Everybody wants to know it. Initially, trying to implement a telemedicine solution and buying a product was expensive essentially for most people. Honestly, they weren’t getting a lot back for it. It was an investment in trying to see if it worked. It’s come to the point that we are seeing so. First, we take a huge program. If you look at the VA for example, they have found it’s cost effective for travel times savings because they pay for all of that and for their patients who are coming through. They have seen that it does save them money when they’re using telemedicine. It also makes sure that patients have seen a little bit sooner so that assumingly don’t get sick later.

Indirectly, it saves costs on lost productivity. This is true for IHS. There are places that are very remote. They would have to fly a doctor out to them, especially specialists. With telemedicine, they’ve had to do that a lot less, and that has saved a ton of money as well. They have probably the most amount of data if you look at it. They have one budget. You can look at it directly. We can assume that’s probably true for other places. We may not have the data at such a high level to tell. They also use one product so they can clearly scale that a little bit easier so the cost is less.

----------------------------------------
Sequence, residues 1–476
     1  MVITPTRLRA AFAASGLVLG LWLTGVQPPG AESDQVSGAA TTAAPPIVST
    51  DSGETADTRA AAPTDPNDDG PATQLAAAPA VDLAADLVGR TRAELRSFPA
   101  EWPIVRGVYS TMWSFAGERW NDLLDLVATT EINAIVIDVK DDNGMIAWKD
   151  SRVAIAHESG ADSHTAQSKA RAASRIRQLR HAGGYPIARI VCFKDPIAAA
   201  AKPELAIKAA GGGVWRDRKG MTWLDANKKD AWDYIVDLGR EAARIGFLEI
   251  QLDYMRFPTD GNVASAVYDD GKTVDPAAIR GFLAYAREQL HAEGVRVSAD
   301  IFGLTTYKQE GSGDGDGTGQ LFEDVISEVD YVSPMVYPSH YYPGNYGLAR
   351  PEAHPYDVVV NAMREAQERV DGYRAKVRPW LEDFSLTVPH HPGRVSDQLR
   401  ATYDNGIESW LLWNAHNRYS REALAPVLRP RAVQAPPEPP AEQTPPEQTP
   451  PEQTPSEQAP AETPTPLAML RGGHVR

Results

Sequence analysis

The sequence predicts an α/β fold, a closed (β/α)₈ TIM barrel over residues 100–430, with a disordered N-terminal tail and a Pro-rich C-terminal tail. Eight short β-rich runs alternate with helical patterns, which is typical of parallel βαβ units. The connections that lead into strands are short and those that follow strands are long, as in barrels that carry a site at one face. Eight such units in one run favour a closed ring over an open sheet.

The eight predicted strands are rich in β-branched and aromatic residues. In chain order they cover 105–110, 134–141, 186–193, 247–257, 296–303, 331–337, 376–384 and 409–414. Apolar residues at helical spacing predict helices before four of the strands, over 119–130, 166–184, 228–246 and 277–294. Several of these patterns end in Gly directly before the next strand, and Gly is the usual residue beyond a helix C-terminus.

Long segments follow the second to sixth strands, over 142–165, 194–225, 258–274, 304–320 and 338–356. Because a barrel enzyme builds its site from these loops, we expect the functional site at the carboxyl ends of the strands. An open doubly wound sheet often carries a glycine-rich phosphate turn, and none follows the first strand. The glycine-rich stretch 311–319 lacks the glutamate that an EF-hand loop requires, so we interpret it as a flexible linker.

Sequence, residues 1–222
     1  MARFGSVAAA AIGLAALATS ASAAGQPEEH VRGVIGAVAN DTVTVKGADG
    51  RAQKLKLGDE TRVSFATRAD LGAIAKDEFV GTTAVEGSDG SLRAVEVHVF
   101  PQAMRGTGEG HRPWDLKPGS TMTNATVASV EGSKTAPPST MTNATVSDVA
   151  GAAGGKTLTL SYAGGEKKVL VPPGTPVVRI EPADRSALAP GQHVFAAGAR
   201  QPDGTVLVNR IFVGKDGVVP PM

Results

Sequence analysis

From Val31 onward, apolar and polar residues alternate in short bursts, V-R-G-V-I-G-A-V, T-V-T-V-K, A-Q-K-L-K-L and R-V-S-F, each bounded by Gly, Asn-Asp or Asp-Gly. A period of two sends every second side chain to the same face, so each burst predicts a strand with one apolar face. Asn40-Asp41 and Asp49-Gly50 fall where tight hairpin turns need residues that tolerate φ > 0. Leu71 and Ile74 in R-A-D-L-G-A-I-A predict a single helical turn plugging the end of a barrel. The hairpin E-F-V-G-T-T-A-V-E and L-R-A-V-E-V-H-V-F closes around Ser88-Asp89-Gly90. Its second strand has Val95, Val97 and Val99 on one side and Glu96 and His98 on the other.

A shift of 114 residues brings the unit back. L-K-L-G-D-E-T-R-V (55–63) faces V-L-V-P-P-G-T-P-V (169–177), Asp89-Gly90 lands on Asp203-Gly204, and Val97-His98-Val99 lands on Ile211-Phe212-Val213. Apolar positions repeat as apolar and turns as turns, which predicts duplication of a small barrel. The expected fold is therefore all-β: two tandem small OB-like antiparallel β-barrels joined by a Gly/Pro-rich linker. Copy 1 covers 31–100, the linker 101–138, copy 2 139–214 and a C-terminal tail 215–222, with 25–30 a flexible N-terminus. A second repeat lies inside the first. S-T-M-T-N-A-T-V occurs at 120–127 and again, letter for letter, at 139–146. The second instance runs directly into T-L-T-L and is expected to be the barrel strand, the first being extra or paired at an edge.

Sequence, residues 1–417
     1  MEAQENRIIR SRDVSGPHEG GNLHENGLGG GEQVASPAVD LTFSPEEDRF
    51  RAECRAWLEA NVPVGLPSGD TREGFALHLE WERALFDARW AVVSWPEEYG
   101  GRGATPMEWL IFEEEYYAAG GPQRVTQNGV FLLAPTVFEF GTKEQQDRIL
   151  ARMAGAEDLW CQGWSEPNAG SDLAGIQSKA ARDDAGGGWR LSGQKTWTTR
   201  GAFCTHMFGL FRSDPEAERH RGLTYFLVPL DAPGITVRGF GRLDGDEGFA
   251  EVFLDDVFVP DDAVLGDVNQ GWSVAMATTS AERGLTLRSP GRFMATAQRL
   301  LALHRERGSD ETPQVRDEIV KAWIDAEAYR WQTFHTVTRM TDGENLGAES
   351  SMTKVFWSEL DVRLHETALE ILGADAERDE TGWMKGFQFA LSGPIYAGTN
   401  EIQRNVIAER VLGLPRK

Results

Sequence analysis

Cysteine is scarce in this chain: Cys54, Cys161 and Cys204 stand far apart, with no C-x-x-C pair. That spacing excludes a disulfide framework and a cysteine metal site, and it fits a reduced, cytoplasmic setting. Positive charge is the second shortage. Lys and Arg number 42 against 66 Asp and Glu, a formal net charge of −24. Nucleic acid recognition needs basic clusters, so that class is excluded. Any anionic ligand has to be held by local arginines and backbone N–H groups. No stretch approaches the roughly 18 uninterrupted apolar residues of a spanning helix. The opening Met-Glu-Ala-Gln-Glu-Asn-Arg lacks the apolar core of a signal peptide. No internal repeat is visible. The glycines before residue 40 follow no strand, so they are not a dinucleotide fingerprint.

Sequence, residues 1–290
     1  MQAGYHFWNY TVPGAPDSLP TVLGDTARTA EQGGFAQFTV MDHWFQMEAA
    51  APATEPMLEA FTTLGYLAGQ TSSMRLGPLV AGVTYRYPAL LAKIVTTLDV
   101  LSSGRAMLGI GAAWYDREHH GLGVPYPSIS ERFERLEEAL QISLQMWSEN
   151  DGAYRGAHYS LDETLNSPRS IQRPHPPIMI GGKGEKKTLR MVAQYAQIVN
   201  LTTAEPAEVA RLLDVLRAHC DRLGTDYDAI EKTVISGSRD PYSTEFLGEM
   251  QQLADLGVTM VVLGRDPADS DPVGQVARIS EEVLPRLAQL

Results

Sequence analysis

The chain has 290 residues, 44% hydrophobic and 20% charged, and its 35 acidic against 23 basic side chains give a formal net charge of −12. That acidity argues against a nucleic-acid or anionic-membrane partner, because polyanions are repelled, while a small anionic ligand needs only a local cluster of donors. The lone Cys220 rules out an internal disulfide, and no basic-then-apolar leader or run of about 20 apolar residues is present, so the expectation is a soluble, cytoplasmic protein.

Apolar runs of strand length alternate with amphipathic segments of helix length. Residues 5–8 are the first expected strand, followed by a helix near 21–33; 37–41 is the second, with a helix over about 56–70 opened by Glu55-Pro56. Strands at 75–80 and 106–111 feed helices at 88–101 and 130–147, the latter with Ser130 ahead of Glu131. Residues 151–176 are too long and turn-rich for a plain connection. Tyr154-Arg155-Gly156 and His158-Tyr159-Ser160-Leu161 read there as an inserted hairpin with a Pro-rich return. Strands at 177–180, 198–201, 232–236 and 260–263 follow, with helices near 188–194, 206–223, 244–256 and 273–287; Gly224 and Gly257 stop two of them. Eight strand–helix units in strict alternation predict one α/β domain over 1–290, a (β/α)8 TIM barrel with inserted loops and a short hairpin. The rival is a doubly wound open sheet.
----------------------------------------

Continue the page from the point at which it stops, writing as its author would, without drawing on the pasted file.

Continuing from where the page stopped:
The Indian Health Services and the VA are relatively small pieces of the total US healthcare spend. Correct me if I’m wrong, but there are populations with needs that are different than the general population as a whole. In other words, are there more medically complex? In the IHS system, it’s proven to be the case. A lot more needs with regard to mental health, alcoholism, and other chronic conditions. Can we extrapolate that to the working or Medicaid population as a whole?